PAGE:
Rallying call for fund-raising and volunteers by cut-hit Citizens Advice service in North Norfolk.

A rallying call for fund-raising and volunteer help has been launched by a vital advice service hit by cash cutbacks.

Citizens Advice North Norfolk has had to prune back its workforce and opening hours after losing �100,000 from its �245,000 annual budget following a Lottery bid failure.

It has cut its trio to staff advisers from three to one, axed outreach sessions in half a dozen towns and villages, and scaled back opening hours - which organisers say is bound to hit the thousands of problem-hit people who raised nearly 20,000 issues with the bureau last year.

Service chief officer Fiona Hunter praised the efforts of some former staff who were now giving up their spare time to join the ranks of the 60-plus volunteers giving advice - but said the failure to renew Lottery funding meant a significant cut in the services available.

She urged anyone able to join the volunteer teams, or to stage fund-raising events, to step forward and help CANN.

It had seen a huge rise in workload over recent years, through a combination of people facing more problems, particularly debt, in the recession - and because of expanded services it had been able to provide because of the extra funding gained through a successful five-year �387,000 Lottery award which had just run out.

'This has come at the worst possible time. People are still losing their jobs and having their hours cut and building up debts that take much longer to get out of than into,' said Mrs Hunter.

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CANN tried to help as many as people as possible with its remaining basic service, but the cut in paid advisers meant there was less depth of expertise than before.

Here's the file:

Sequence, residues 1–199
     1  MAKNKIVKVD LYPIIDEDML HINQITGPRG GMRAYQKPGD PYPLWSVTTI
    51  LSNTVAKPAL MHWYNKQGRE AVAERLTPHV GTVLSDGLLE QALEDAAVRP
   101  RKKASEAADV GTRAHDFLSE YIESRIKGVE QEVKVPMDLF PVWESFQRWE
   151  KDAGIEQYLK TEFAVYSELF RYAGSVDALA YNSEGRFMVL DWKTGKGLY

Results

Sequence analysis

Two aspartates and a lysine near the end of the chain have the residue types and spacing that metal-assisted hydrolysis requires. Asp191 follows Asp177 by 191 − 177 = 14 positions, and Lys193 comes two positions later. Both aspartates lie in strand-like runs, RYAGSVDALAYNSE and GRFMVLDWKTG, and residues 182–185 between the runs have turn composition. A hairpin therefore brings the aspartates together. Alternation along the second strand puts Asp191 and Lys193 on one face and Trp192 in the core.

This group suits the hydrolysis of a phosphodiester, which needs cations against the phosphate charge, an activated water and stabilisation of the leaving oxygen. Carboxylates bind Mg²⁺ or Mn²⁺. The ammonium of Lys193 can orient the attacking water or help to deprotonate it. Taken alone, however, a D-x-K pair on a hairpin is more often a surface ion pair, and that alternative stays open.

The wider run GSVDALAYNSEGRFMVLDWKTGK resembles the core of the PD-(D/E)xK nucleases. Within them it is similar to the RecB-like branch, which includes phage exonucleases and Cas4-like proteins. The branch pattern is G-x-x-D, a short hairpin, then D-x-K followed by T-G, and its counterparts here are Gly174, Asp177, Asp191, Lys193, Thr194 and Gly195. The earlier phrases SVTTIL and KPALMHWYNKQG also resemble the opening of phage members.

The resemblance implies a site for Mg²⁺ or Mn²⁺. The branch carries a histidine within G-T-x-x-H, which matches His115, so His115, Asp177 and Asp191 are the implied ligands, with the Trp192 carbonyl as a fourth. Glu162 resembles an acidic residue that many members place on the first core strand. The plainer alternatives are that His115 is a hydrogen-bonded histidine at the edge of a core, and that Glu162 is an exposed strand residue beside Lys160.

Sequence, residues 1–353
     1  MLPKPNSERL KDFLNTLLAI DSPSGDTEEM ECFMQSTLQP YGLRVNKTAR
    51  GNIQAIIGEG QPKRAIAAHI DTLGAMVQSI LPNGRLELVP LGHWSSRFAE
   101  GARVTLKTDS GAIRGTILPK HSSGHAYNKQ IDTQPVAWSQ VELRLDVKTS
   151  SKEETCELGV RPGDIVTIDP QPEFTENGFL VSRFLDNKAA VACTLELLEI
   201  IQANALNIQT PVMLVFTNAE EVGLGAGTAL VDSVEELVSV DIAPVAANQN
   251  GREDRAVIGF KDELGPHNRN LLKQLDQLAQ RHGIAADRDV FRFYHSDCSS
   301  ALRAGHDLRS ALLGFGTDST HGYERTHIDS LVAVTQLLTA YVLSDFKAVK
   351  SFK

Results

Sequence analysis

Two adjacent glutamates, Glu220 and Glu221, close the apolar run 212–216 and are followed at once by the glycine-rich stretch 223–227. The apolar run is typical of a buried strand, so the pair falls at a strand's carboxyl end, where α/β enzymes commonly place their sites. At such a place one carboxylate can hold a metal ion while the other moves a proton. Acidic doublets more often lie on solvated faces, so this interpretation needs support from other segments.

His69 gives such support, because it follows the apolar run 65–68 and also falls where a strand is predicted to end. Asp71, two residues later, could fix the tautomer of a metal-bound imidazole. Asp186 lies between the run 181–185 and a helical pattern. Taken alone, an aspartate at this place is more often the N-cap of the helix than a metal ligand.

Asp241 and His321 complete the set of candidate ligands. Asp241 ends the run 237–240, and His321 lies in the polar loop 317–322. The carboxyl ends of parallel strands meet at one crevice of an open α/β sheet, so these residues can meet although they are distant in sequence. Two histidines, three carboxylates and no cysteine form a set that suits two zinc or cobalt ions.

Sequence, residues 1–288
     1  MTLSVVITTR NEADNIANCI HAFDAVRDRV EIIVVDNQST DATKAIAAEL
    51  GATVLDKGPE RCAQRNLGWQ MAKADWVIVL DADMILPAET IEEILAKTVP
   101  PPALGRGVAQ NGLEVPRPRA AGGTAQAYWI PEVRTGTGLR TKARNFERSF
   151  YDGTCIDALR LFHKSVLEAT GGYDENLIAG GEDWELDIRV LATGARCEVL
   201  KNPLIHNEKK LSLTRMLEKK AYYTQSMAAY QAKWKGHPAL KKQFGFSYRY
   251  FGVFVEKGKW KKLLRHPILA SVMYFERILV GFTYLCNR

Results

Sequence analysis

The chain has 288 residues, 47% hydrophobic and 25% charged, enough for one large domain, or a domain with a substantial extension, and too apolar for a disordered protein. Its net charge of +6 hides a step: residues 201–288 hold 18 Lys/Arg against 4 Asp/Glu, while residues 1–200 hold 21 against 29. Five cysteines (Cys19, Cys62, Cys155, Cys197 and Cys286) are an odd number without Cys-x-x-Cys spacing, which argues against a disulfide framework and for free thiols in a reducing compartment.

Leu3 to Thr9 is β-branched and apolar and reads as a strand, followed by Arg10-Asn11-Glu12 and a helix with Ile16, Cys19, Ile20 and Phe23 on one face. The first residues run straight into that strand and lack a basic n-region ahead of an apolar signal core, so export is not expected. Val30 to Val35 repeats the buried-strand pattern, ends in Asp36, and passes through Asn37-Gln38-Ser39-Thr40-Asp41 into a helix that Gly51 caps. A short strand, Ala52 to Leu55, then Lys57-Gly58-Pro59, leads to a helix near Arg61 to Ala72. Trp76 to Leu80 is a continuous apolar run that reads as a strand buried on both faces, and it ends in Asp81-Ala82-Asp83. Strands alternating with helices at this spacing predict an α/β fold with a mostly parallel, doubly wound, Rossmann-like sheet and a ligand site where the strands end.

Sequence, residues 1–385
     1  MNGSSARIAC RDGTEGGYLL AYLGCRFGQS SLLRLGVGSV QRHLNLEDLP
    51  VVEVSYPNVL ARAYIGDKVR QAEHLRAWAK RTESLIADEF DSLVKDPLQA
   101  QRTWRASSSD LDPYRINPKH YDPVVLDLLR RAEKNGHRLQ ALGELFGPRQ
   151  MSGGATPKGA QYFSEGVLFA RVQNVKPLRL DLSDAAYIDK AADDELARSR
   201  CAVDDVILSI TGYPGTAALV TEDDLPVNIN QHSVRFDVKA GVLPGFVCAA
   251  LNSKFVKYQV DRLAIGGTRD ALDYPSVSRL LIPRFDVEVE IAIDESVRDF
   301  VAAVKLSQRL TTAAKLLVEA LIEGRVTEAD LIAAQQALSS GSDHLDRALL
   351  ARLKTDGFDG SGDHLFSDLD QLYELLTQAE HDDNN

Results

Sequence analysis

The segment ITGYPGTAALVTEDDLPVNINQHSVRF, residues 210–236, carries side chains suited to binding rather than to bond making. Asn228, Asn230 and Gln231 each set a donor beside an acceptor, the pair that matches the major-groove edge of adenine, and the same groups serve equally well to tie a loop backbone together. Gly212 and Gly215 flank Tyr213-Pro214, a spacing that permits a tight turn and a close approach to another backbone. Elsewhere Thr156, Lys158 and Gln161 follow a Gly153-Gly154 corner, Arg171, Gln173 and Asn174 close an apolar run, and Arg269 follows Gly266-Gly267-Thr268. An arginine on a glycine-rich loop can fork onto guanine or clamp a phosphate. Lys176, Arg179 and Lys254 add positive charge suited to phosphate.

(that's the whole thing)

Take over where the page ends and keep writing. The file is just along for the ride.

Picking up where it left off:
Changes to the benefits system were causing people further problems.

'People on benefits are not running any excess and a small change can make a big difference,' she added.

The number of CANN redundancies did not seem huge, but had a big impact when the service 'already runs on a shoestring,' added Mrs Hunter.

As reported last week when the news first broke, CANN has offices at North Walsham and Fakenham, but has had to scrap early evening sessions at Walsham on Monday which were popular with working clients.

It will continue outreach visits to Cromer and Wells - but has axed sessions at Bacton, Buxton, Hoveton, Mundesley, Stalham and Sheringham.

Efforts were being made to find new sources of grant funding, but typically they were for �500 to �5,000 when the bureau needed 'thousands' to resume its former levels of service - and a growing number of charities were competing for a shrinking pool of grant money.

It remained grateful for the continued support of the district and county councils, she added.

Mrs Hunter reassured the public: 'We are still here and will help as much as we can, but it might not be as much as before.'

She appealed for anyone with spare time - generally around a day a week, plus training time - to join the army of volunteers - or with ideas for fund-raising events to contact the bureau.

Call 01692 402570 or 01328 856040 or visit www.cabnorthnorfolk.org.uk

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